Popularity:

Amazon.com, The Onion A.V. Club, The Guardian, and The Times have named The Tipping Point as one of the best books of the decade. It was also Barnes and Noble's 5th best selling nonfiction book of the decade. Many respectable magazines such as Fortune and The Daily Telegraph have given The Tipping Point raving reviews.
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Thinking About Life As an Epidemic:

One major impact of reading the The Tipping Point is that the reader will often find themselves looking at life with a slightly different perspective. Epidemics occur or are caused in an often counter-intuitive way: they can start and grow very quickly but die out just as fast, and are caused by often small seemingly unimportant things. According to Gladwell, the majority of changes in life also occur this way. Things can occur very quickly, and small changes can have a huge impact. The Tipping Point helps to explain how in life, many times causes are not proportional to their effect. Once the pattern of cause and effect in epidemics is realized, people will frequently see them in real life situation. According to Gladwell, ideas and messages can spread exactly the same way that real viruses such as the flu do.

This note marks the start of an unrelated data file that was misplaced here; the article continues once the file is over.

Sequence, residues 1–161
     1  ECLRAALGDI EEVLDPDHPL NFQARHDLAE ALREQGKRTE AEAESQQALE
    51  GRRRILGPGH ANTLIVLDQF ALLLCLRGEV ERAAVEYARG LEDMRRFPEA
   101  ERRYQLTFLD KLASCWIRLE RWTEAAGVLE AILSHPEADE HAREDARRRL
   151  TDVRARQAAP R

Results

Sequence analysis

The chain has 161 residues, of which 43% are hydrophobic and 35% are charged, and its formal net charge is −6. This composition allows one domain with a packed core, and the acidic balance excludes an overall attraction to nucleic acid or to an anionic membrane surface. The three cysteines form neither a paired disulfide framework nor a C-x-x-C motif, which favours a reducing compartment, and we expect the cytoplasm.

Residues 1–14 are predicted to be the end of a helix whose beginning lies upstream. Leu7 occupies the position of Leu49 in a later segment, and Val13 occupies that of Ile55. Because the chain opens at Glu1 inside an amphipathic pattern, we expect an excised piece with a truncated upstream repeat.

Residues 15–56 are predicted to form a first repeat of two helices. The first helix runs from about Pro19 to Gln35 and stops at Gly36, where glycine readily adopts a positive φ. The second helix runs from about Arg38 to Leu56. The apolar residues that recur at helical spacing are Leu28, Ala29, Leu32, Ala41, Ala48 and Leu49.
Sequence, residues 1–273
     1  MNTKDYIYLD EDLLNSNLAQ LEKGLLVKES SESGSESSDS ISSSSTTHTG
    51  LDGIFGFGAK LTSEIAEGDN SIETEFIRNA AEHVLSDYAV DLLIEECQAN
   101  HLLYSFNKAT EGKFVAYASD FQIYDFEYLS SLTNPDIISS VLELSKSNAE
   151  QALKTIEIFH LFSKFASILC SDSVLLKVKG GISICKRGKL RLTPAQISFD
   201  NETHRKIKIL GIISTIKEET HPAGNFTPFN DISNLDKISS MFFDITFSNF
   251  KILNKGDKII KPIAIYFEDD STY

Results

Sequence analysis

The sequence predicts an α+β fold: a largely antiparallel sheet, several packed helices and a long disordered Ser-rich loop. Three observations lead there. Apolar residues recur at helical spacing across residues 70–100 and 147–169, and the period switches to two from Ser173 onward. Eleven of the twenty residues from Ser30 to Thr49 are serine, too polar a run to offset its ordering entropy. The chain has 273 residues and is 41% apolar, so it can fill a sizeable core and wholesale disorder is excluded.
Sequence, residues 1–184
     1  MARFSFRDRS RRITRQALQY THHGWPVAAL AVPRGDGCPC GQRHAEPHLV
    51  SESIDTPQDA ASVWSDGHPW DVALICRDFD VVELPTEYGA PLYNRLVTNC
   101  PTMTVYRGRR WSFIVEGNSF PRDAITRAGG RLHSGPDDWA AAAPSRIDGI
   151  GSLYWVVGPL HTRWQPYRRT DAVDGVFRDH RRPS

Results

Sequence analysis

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Purpose:

The purpose and ultimate impact of The Tipping Point is to help teach readers how to start positive epidemics of their own and to understand the reasons why and how epidemics occur. Because epidemics are often started by little input and can spread very quickly, it is not unrealistic for average people to start ones of their own. This allows The Tipping Point to serve as a tool and guide of anyone interesting in spreading ideas, products, or messages, this can range from teachers to businessmen to politicians. According to Gladwell, "The point is that by the end of the book I think the reader will have a clear idea of what starting an epidemic actually takes. This is not an abstract, academic book. It's very practical." The Tipping Point helps readers to decode the world around them and understand why certain changes happen and how their causes may not be proportional to their effects.
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